Being a commuter student can be tough. Here are some helpful tips from a senior who has spent over 200 hours in a car over three years just going to and from BU.
As a commuter, you should know your route. For some, it’s only a five-minute drive, for others, it could be upwards of an hour. Learn exactly how long it takes you to arrive at BU, and make sure you leave time for accidents or construction along the way. Also, learn when to get to the parking lot. There are never enough spaces in the commuter lots when you so desperately need them. Being five minutes earlier or later can mean the difference between finding a spot and driving around the lot for 20 minutes.
Visit Campus BEFORE Classes Start
Since commuters don’t live on campus, or in some cases, anywhere near campus, commuter students should take some time to get to know the surroundings. Make sure you know where your classes will be. It might sound cliché, but go find your classrooms BEFORE the first day of classes! You don’t want to be the person walking into syllabus day 10 minutes late and drenched in sweat.
Also, a tip for finding classrooms: Most buildings have simple room numbers, such as 250 (second floor, room 50). However, there are some more complicated buildings. McCormick Center for Human Services, or MCHS, has room numbers with four digits such as 2303 (this would be the second floor, third section, room three). Some other abbreviations would be G – for ground floor, or B – for basement level. No maps exist of the insides of the buildings (believe me, I’ve searched for them) but don’t be afraid to ask someone in the hall, or wander around for a while. You’ll learn eventually.
A lot of commuter students don’t get involved in activities at BU because of the time constraints of commuting added on top of school and (possibly) a job. It can also be discouraging because many of the activities take place at night, after commuters have gone home. However, don’t knock it until you’ve tried it! There are so many organizations to get involved with, and some of them might fit your schedule! Think about joining clubs related to your major, your minor or other things you might be interested in. Talk to your adviser about clubs within your discipline, and communicate with people around campus to get involved in other clubs.
Learn to Schedule for YOU
Even if you have a declared major and an adviser assigned to you, take advantage of the Academic Advisement Center in SSC. The staff in the office are very friendly and will give you resources on how to build your own schedule, while still meeting all requirements. Being a commuter student can be frustrating if classes are spaced awkwardly throughout the day. Learning how to build your own schedule can be tough, as there are many requirements that each major (and minor) must meet. However, it beats sitting in the library for five hours a day!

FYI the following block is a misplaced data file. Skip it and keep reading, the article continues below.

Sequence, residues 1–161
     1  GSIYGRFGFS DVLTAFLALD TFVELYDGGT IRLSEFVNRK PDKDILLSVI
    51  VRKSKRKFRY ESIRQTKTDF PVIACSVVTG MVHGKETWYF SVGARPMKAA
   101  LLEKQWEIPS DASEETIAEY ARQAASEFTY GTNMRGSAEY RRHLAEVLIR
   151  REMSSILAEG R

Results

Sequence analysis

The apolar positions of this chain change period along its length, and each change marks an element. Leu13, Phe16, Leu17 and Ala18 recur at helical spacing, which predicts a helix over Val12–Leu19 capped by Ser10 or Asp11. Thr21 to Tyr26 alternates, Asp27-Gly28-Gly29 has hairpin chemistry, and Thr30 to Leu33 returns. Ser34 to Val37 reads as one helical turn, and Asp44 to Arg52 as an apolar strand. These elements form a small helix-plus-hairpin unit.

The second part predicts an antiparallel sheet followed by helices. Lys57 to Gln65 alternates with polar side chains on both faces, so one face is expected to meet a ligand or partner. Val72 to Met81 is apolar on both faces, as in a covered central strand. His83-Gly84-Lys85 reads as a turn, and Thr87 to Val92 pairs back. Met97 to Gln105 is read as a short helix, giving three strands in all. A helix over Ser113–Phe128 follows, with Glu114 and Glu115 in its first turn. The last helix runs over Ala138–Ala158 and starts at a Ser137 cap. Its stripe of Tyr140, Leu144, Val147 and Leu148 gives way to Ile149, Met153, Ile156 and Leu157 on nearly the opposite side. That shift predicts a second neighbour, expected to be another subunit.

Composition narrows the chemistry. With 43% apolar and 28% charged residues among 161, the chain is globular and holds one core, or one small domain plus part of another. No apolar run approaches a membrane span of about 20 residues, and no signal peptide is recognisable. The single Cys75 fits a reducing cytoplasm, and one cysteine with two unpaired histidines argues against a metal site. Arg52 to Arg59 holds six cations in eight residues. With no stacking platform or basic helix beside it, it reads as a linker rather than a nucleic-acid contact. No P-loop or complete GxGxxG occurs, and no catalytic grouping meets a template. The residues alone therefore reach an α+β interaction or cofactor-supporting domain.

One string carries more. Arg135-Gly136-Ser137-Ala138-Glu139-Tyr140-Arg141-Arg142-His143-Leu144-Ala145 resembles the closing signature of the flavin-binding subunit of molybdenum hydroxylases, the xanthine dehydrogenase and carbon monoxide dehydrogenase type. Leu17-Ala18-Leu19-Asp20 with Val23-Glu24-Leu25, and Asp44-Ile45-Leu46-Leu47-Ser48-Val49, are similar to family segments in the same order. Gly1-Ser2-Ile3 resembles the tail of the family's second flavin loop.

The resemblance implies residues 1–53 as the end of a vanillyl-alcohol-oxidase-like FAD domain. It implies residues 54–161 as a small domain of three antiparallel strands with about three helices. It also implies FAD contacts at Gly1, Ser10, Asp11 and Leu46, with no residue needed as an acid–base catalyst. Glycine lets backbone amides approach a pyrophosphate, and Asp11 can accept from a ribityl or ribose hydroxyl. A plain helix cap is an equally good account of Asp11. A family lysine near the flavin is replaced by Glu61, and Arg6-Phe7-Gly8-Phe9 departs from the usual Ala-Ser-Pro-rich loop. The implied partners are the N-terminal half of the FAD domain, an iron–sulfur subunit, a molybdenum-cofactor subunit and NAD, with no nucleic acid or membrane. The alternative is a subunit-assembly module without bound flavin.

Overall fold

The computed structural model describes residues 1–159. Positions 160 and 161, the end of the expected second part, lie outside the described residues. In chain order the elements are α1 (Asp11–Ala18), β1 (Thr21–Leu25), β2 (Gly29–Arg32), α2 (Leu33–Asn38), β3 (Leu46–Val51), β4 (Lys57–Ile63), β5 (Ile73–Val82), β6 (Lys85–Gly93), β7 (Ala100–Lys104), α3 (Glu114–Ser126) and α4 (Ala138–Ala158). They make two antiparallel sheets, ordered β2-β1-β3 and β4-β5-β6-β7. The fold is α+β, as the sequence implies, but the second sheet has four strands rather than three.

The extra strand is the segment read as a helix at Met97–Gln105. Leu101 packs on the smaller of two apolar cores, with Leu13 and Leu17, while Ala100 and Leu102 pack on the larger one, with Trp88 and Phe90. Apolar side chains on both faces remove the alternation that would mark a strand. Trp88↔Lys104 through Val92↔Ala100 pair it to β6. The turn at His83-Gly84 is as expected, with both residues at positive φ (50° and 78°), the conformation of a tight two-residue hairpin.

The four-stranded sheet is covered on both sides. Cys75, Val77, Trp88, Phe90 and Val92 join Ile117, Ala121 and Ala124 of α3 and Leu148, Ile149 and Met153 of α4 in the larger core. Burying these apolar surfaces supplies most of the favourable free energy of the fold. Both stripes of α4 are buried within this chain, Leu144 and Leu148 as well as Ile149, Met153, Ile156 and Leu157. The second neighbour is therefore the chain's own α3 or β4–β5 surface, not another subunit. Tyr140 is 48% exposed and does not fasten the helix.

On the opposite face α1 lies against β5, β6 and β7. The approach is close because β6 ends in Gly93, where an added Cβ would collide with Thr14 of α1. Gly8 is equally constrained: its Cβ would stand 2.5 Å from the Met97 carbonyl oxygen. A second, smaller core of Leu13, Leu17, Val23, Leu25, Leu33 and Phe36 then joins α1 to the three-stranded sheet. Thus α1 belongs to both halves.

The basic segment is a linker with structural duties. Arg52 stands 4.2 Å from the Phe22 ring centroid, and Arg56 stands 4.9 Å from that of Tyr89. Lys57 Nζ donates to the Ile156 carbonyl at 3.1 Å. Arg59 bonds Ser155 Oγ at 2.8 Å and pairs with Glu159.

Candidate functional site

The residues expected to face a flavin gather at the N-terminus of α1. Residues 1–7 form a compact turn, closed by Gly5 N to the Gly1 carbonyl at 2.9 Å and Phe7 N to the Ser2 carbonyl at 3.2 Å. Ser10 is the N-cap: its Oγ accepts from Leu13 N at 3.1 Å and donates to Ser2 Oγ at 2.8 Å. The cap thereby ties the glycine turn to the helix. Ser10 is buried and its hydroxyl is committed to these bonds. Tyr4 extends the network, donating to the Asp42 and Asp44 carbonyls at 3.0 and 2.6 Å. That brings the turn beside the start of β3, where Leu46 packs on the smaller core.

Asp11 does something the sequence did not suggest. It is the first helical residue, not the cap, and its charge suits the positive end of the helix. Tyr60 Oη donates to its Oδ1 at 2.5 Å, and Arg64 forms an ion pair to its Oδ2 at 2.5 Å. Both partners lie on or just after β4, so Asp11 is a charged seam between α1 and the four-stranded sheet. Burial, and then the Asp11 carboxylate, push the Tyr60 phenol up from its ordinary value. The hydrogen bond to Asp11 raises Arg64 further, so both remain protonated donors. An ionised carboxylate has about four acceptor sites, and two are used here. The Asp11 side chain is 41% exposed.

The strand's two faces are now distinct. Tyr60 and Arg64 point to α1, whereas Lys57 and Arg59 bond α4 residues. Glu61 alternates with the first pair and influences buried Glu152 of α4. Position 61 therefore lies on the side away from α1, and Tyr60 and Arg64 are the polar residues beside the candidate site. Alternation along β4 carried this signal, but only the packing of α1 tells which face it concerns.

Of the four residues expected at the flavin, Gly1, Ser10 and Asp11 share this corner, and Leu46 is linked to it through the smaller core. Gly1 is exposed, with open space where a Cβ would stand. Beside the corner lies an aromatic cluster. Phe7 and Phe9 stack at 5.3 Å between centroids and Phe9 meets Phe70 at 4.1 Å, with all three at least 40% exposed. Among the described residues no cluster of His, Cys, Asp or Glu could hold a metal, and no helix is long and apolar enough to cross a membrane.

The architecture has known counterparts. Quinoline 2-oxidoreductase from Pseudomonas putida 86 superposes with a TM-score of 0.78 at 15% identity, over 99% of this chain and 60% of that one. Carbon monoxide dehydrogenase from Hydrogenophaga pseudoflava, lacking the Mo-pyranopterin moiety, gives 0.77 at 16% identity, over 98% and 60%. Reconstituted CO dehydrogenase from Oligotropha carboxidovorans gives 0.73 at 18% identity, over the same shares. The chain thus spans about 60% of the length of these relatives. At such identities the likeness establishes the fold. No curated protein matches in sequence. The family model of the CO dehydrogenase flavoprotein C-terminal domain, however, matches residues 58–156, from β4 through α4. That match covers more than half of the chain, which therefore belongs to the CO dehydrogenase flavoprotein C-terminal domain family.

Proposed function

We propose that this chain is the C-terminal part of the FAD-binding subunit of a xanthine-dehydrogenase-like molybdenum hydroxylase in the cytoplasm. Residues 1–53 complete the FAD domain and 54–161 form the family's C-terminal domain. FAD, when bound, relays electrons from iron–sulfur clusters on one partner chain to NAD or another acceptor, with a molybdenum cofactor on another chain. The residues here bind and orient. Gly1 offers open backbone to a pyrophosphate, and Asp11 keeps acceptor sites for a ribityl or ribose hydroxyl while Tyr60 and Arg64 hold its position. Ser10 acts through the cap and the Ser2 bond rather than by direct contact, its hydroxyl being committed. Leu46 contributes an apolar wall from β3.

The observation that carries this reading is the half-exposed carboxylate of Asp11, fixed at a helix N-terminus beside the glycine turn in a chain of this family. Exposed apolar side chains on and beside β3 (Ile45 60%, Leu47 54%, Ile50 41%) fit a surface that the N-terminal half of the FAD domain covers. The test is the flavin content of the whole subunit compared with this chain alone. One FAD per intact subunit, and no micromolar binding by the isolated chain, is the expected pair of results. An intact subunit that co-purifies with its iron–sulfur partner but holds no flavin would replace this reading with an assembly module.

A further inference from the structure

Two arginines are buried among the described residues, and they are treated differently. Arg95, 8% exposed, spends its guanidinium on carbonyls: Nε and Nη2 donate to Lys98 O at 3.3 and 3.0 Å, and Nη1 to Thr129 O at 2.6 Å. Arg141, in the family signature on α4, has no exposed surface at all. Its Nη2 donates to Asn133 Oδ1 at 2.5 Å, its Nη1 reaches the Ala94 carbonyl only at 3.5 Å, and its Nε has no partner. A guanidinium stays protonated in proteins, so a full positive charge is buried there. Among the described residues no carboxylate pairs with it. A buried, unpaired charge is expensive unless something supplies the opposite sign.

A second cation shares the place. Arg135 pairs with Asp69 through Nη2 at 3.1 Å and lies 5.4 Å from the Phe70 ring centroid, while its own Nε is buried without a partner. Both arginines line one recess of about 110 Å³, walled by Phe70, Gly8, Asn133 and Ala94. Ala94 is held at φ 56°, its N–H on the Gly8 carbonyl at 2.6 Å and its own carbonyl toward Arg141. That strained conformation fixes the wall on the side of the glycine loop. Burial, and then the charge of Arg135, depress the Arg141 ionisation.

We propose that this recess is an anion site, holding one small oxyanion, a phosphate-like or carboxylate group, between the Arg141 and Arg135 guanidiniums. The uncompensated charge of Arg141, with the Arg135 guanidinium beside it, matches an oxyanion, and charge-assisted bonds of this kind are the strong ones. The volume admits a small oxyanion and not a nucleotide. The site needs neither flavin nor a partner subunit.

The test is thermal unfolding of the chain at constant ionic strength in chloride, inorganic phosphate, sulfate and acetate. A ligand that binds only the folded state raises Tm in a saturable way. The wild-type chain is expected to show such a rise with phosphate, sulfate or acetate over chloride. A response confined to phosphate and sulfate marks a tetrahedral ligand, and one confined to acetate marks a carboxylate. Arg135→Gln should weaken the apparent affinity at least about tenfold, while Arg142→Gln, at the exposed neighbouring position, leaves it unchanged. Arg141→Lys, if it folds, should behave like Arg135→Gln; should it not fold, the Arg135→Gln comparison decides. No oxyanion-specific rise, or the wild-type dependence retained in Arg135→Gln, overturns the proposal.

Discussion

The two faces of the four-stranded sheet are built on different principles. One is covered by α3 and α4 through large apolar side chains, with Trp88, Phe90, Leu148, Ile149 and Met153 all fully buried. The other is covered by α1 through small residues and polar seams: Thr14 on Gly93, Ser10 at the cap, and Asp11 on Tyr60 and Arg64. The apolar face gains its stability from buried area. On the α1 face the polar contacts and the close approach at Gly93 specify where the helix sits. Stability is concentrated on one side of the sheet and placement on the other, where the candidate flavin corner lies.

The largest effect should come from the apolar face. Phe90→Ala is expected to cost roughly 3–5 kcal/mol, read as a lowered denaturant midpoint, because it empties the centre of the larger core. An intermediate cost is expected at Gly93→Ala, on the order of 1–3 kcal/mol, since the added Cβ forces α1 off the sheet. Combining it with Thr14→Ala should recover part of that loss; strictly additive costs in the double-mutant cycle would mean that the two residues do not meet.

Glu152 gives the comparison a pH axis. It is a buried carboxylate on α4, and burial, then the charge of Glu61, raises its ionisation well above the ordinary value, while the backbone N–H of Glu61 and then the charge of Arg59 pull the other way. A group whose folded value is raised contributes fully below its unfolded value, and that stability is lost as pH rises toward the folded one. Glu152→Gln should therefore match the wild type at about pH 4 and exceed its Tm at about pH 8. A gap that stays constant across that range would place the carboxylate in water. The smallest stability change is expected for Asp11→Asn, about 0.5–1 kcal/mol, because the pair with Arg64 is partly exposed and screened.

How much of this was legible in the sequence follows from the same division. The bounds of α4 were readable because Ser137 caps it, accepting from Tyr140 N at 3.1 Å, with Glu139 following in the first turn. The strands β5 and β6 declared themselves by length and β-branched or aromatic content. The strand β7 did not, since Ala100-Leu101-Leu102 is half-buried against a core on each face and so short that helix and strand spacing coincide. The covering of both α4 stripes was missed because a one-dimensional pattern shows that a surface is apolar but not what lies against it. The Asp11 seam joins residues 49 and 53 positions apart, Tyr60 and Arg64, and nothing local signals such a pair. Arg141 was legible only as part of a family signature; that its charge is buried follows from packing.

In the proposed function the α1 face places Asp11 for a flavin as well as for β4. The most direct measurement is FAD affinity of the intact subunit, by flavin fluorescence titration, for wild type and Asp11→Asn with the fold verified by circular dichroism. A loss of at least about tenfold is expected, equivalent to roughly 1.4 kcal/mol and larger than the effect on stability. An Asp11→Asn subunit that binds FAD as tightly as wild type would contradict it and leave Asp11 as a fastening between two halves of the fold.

The Commuter Lounge
Many of my classmates from high school commuted to BU, at least for the first few years of college. We learned early on that there is a commuter lounge in the bottom level of the Warren Student Services Center where commuters have their own space to hang out between classes. It has comfortable couches and chairs, tables, a coffee pot, and a microfridge. It’s located across from the PSECU office…take advantage of it! The lounge was made for you.
Figure Out Your Meals
Budgeting in college can be hard, ask anyone! The hard part about being a commuter is that if you’re on campus for lunch, you probably don’t have a meal plan, and paying cash for lunch on campus can get very expensive. It can also be tough to bring your own lunch because you don’t know where to store it or heat it up. The third option would be to leave campus and grab lunch at a restaurant or fast food joint, but that can also turn pricey, fast. However, these are about the only options available.
This might sound silly, but I invested in a PackIt lunchbox for my sophomore year. It has a built in icepack, and is small enough to fit in my backpack. I can make myself a sandwich or throw some leftovers in it and heat it up in the microwave in the commuter lounge. It saves me a ton of money!
Most importantly, just because commuters don’t necessarily have “The College Experience” that everyone dreams of, it doesn’t mean that you can’t make friends. Put yourself out there and don’t just come for classes and leave. College is a social experience that some commuters don’t fully take advantage of, but they should. It’s another cliché, but the friends you make in college will likely be your best friends for life.